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Manufacturing’s Changing Landscape

Discover how the industry is “making it.”

While there are exceptions, large companies no longer dominate New Jersey’s manufacturing scene – they’re being replaced by smaller, more technology-savvy operations.

The manufacturing category has been broadened as well, from the 1950s and 1960s makers of heavy-duty products, to modern-day assemblers and makers of life sciences drugs, food and household goods. But make no mistake, manufacturing, however it is now defined, is still an important part of the Garden State’s economic landscape.

“Manufacturing represents about 8 percent of gross state product and employs well over 200,000 people,” says Cliff Lindholm, co-chair of NJBIA’s Manufacturing Network and president of Falstrom Co., a Passaic-based contract manufacturer for the defense industry. “It also provides a multiplier effect. Every dollar spent on manufactured goods generates $1.50 in residual services and spending.”

John Kennedy of the New Jersey Manufacturing Extension Program (NJMEP), a non-profit outreach organization whose database lists nearly 11,000 manufacturers in the state, pegs the total jobs number closer to 330,000. “And for every one manufacturing job, it creates four other jobs – engineering, transportation, logistics, maintenance and services. Multiply that basic number by four and see what you get. No other industry is even close to that.”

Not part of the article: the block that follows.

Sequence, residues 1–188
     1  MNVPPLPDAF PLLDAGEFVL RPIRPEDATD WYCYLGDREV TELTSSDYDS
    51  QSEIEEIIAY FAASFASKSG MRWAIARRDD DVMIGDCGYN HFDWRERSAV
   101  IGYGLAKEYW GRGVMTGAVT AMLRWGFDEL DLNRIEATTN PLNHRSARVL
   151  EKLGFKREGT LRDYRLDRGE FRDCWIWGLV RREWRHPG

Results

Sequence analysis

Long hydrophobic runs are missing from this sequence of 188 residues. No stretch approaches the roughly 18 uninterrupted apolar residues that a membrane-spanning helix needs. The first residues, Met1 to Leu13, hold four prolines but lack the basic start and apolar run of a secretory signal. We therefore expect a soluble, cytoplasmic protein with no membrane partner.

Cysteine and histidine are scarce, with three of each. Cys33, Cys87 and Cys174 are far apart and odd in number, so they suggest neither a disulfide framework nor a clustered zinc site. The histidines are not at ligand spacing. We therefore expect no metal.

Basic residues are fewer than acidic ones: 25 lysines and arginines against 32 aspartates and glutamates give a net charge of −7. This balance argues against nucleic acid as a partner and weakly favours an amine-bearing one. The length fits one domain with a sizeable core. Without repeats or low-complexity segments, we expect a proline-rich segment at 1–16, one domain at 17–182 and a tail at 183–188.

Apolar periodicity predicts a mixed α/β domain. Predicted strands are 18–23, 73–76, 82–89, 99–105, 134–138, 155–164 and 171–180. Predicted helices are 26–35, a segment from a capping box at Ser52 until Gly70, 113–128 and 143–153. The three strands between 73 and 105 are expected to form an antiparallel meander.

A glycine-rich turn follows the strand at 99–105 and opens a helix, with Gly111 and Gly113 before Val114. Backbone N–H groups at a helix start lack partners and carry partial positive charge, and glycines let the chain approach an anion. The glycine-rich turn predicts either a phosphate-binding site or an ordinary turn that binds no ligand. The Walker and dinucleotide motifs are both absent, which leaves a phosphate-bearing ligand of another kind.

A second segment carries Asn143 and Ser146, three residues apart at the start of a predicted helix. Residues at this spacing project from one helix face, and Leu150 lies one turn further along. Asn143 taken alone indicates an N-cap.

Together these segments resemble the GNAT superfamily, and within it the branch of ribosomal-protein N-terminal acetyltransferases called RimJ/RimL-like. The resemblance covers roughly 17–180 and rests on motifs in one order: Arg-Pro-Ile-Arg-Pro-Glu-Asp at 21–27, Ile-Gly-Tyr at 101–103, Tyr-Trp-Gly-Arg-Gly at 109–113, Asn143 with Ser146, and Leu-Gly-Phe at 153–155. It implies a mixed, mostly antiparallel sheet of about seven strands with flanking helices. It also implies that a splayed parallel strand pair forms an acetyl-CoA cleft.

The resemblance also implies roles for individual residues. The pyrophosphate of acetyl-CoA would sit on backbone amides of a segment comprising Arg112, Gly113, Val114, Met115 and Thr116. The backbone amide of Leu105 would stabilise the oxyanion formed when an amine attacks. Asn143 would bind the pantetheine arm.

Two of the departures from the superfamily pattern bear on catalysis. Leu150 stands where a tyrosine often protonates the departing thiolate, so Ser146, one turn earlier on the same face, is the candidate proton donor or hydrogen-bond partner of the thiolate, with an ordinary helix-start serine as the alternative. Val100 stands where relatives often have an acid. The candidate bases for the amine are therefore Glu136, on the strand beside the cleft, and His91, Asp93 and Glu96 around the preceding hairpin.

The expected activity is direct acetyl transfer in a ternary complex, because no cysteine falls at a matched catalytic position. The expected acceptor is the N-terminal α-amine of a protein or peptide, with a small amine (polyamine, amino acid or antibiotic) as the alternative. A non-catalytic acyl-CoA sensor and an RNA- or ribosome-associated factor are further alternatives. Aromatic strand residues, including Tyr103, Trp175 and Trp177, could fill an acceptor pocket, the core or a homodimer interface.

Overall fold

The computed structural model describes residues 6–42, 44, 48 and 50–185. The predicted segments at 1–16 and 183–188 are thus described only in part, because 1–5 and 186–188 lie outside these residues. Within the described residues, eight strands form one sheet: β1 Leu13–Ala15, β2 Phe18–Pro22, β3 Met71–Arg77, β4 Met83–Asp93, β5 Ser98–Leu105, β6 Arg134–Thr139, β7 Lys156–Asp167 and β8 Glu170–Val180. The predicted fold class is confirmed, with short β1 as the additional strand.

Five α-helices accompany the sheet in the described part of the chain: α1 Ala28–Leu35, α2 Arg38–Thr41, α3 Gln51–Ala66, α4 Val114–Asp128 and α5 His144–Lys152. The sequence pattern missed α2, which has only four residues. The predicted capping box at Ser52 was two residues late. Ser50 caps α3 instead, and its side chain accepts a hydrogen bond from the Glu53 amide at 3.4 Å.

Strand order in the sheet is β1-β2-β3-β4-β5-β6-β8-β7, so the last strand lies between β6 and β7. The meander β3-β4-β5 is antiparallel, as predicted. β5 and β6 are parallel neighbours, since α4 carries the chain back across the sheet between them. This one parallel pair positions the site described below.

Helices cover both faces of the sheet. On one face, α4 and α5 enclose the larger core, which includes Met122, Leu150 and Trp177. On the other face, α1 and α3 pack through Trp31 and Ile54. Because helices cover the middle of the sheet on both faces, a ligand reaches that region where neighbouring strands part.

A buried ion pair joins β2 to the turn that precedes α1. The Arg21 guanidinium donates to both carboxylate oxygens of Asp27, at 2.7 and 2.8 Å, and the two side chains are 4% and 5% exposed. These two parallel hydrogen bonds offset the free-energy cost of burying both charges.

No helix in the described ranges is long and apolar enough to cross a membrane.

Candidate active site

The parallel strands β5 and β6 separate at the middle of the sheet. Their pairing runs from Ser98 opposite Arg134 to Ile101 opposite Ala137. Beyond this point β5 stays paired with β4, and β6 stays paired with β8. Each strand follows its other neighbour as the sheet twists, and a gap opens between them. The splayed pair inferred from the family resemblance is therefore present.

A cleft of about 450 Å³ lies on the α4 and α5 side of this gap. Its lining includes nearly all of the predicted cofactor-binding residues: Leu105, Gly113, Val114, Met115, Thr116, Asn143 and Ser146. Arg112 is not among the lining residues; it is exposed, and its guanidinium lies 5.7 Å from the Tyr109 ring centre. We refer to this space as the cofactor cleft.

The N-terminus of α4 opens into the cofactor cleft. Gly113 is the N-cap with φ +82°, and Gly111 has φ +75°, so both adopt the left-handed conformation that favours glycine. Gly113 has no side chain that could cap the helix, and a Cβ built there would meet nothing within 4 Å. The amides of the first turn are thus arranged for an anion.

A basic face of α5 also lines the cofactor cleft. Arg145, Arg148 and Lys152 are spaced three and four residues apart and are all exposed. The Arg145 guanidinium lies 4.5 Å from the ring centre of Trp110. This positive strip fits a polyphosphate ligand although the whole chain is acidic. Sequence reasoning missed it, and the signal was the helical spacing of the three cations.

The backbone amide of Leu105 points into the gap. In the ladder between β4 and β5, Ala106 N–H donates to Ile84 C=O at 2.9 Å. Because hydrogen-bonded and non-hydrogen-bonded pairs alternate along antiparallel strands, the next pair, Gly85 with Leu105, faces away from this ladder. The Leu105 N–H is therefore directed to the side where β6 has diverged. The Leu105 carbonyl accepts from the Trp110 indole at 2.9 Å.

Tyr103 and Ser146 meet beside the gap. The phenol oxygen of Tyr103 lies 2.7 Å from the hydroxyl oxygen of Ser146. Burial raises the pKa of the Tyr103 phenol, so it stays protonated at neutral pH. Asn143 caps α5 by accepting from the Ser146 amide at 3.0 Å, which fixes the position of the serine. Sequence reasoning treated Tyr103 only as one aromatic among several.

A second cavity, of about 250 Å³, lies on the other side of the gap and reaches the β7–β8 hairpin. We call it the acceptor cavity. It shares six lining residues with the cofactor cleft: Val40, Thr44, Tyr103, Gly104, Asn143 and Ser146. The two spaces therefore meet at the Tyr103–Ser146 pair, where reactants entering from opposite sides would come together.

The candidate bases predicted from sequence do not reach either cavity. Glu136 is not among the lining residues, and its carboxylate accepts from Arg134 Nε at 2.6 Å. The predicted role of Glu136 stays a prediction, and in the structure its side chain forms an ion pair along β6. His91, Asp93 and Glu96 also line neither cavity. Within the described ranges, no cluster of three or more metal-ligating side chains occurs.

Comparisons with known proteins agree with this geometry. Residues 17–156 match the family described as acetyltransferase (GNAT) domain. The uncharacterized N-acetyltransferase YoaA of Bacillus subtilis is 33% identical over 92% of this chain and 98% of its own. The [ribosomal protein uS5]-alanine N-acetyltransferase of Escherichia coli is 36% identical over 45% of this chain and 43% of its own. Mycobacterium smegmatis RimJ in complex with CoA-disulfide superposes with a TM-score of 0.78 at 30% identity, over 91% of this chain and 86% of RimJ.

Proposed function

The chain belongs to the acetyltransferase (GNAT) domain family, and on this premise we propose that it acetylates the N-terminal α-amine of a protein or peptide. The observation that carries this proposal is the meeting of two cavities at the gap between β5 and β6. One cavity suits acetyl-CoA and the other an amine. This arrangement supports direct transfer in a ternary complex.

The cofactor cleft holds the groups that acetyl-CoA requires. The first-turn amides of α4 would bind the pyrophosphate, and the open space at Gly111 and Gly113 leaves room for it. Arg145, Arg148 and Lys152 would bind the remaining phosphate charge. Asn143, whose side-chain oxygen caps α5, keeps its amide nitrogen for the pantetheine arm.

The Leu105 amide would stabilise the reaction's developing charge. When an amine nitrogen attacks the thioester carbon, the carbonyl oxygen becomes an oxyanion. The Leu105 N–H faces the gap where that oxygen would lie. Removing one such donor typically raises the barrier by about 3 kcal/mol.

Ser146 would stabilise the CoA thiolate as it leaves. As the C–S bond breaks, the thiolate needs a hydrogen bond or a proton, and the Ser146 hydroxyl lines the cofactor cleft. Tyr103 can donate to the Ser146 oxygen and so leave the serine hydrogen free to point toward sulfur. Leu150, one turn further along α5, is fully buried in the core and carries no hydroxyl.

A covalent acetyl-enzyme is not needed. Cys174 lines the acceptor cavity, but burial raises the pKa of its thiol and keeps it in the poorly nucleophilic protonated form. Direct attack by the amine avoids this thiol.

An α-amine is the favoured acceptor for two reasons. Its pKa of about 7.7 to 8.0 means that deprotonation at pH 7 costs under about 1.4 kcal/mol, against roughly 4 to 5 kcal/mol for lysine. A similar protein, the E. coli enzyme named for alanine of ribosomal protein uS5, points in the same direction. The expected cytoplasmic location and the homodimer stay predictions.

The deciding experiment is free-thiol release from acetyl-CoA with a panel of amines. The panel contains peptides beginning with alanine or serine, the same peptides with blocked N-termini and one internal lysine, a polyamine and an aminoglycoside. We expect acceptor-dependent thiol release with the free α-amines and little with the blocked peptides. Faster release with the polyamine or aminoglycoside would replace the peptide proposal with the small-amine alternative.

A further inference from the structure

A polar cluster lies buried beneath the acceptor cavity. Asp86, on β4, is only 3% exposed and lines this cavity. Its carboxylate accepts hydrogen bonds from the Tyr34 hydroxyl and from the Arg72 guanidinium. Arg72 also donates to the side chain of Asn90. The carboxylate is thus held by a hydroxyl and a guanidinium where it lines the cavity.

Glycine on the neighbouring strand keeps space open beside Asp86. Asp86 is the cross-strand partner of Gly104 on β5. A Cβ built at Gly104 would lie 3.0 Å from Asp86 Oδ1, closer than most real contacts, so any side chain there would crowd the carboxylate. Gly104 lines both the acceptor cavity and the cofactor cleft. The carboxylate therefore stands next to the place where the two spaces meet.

Kennedy concurs that manufacturing is in the range of 8 to 10 percent of the state’s economy, bringing in $40 billion. He terms it a “foundation” for other sectors. “Retail? Somebody had to manufacture all of those clothes,” he notes.

Alan Haveson, president of the New Jersey Technology & Manufacturing Association (NJTMA) agrees that manufacturing is “absolutely essential,” but worries about the “negative perception” many have of it. “What don’t people understand about the importance of manufacturing?” he asks.

One possible cause: While industrial giants like GAF, American Cyanamid, Dupont, major paper companies and others may have created many jobs and other opportunities in years past, he acknowledges that environmental issues, labor issues and other factors may have created a negative image.

Of course, some industrial giants still exist – note Phillips 66’s Bayway Refinery, spread over 1,350 acres in Linden, creator of 1,400 direct and as many as 25,000 indirect jobs. By any standard, the processor of transportation fuels – to the tune of 285,000 barrels per day of feedstock – is a throwback in terms of volume. But Phillips has also implemented projects over the last decade that have drastically cut emissions and improved its energy efficiency by 10 percent.

On today’s landscape in New Jersey, however, “we find that about 70 percent of manufacturers [employ] 30 people or less,” says Kennedy. “We’re seeing smaller companies that are much more nimble, much more automated and much more high-tech.”

Agreeing that technology is helping operations run more smoothly, Lindholm also sees New Jersey manufacturers becoming “more vocal about what they need to be competitive with manufacturers from other parts of the country, or even the world.